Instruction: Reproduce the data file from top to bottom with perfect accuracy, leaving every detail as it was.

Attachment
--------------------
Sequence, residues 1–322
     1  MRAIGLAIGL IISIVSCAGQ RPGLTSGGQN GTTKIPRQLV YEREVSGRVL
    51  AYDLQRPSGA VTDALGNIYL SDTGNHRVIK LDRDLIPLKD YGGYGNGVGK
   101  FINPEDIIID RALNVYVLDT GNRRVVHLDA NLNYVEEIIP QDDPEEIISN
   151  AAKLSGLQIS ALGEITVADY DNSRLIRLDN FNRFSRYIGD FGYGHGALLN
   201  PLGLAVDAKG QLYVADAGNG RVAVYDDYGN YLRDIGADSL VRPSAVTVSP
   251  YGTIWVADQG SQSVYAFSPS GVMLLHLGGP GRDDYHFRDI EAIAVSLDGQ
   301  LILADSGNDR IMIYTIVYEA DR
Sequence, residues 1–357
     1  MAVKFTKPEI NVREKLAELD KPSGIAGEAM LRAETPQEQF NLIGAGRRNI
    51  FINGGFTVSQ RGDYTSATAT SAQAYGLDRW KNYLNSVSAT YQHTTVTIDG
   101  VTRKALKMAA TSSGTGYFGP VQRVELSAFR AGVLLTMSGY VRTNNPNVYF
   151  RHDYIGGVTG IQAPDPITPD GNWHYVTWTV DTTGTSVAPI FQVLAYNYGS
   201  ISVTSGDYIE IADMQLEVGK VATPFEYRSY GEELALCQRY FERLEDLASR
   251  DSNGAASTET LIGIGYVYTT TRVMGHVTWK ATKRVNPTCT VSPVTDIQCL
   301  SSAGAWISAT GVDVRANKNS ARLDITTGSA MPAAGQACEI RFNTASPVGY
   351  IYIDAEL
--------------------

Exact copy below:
Sequence, residues 1–322
     1  MRAIGLAIGL IISIVSCAGQ RPGLTSGGQN GTTKIPRQLV YEREVSGRVL
    51  AYDLQRPSGA VTDALGNIYL SDTGNHRVIK LDRDLIPLKD YGGYGNGVGK
   101  FINPEDIIID RALNVYVLDT GNRRVVHLDA NLNYVEEIIP QDDPEEIISN
   151  AAKLSGLQIS ALGEITVADY DNSRLIRLDN FNRFSRYIGD FGYGHGALLN
   201  PLGLAVDAKG QLYVADAGNG RVAVYDDYGN YLRDIGADSL VRPSAVTVSP
   251  YGTIWVADQG SQSVYAFSPS GVMLLHLGGP GRDDYHFRDI EAIAVSLDGQ
   301  LILADSGNDR IMIYTIVYEA DR
Sequence, residues 1–357
     1  MAVKFTKPEI NVREKLAELD KPSGIAGEAM LRAETPQEQF NLIGAGRRNI
    51  FINGGFTVSQ RGDYTSATAT SAQAYGLDRW KNYLNSVSAT YQHTTVTIDG
   101  VTRKALKMAA TSSGTGYFGP VQRVELSAFR AGVLLTMSGY VRTNNPNVYF
   151  RHDYIGGVTG IQAPDPITPD GNWHYVTWTV DTTGTSVAPI FQVLAYNYGS
   201  ISVTSGDYIE IADMQLEVGK VATPFEYRSY GEELALCQRY FERLEDLASR
   251  DSNGAASTET LIGIGYVYTT TRVMGHVTWK ATKRVNPTCT VSPVTDIQCL
   301  SSAGAWISAT GVDVRANKNS ARLDITTGSA MPAAGQACEI RFNTASPVGY
   351  IYIDAEL